But she was also inspired by complex and strange forms found by chance in the natural world, such as the flapping ears of an elephant. And she was drawn to the combination of delicacy and flexibility and strength. Seemingly contradictory characteristics that added to their complexity but of course, appear more wondrous when we consider that they're actually naturally occurring in the world and not something that's been designed or engineered.
She looked at elephant ears, she looked at shells, she looked at seed pods and stones, at squashed fruit found in the park. The thin but hard membranes of hatched eggs and abandoned exoskeletons. She even speaks about the fins of manta rays, which like the ear of an elephant, captures the same sense of flexibility and strength simultaneously.
But a bit more about Gazzard herself, because she was really a bit of a powerhouse. During the 1960s and 70s, she emerged as really one of the most innovative ceramic artists in Australia. She was a great advocate of craft, heavily involved in the revival and elevation of studio craft practices that occurred in Australia during this time. But perhaps more importantly, and certainly within the context of this work in particular, she became really central in debates surrounding the traditional distinction between art and craft. And ultimately, breaking these down.
Gazzard was based in Sydney for much of her life. She was born there in 1928. Her mother was of English Scottish descent, while her father had been born in Greece. And her interest in Cycladic pottery, which came from the Cyclades an island group off the coast of Greece, really stemmed from here, from her family heritage. The title of Kamares itself is taken from a type of pottery, Kamares ware, that was produced on a Greek island of Crete during the Minoan period, which is approximately 2700 to 1100 BCE.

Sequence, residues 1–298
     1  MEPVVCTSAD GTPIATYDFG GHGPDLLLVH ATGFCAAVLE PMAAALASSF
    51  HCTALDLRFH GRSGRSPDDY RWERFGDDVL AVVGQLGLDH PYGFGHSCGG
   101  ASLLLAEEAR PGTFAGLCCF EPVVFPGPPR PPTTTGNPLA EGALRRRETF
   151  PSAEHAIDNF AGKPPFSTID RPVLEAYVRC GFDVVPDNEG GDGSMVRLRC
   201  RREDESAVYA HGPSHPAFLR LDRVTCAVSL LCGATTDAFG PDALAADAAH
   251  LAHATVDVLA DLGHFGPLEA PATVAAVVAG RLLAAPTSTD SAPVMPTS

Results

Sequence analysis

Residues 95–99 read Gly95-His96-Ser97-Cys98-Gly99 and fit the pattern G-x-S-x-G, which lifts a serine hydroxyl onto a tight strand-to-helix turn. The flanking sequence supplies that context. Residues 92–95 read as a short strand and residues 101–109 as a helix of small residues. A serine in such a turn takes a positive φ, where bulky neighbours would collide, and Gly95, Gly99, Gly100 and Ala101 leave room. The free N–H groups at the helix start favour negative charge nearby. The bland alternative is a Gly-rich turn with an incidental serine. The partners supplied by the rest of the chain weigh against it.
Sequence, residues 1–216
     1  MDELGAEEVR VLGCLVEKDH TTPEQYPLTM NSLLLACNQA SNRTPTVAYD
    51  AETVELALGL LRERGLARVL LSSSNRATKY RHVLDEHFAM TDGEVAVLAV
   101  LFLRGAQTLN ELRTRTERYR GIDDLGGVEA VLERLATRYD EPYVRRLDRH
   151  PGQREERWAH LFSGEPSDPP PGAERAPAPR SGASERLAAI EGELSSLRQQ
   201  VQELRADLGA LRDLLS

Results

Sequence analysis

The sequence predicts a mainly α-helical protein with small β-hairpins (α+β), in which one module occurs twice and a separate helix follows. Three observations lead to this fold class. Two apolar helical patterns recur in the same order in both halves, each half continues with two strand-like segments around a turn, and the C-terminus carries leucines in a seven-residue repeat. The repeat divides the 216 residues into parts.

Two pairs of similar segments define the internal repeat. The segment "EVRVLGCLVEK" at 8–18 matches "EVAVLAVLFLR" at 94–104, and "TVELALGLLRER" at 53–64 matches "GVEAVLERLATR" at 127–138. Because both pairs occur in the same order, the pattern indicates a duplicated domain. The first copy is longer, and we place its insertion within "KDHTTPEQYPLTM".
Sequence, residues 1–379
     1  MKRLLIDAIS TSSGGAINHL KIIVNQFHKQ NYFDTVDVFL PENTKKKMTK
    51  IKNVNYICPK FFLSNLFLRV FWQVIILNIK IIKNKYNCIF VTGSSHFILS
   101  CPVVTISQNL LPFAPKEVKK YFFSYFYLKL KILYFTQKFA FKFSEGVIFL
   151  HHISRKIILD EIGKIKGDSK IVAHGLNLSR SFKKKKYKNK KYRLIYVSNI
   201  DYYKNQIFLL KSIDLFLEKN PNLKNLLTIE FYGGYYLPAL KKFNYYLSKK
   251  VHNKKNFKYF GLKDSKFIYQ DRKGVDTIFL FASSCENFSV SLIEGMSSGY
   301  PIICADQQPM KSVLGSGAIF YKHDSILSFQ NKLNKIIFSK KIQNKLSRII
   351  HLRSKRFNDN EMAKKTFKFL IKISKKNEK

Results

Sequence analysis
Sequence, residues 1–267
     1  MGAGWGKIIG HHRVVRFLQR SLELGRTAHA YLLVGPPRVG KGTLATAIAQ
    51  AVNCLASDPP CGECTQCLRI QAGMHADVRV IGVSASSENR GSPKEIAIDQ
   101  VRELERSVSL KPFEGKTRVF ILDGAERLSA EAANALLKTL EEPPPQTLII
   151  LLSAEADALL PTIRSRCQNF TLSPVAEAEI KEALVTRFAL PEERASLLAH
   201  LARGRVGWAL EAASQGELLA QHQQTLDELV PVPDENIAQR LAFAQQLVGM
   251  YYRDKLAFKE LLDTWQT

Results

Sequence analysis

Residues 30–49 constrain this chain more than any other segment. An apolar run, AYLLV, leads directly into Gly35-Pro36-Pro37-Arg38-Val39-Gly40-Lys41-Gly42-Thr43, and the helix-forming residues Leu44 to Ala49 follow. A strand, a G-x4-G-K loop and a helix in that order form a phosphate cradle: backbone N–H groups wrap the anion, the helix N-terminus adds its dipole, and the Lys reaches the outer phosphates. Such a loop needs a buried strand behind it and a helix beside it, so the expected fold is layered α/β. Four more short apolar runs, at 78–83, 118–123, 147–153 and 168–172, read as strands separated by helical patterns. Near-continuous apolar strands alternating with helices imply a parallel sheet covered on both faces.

Gazzard studied ceramics at East Sydney Technical College, now the National Art School in the early 1950s. And then spent several years overseas traveling and studying before returning to Australia and continuing her studies again, this time in sculpture at the National Art School. By the 1960s, when she was working professionally, many Australian studio potters were influenced by the refined effects of Japanese studio pottery. The work of figures, such as Shōji Hamada and the English potter, Bernard Leach, for example.
The prevailing approach to ceramic production was vessels on a wheel and often sleek and smooth, fundamentally a combination of beauty and function. But now, as Kamares demonstrates, Gazzard worked very differently. Her sources and influences are very different. And while she was interested in the vessel as a form or the basis of a form, there was never any functional intent. Kamares has an opening at the top, but it's too narrow and the edges are too delicate to be usable, preventing it from operating like a normal vessel or container. Now, it's entirely sculptural form. And as Gazzard herself, stated in 1969. She was, and I quote from her, "More interested in sculpture than anything."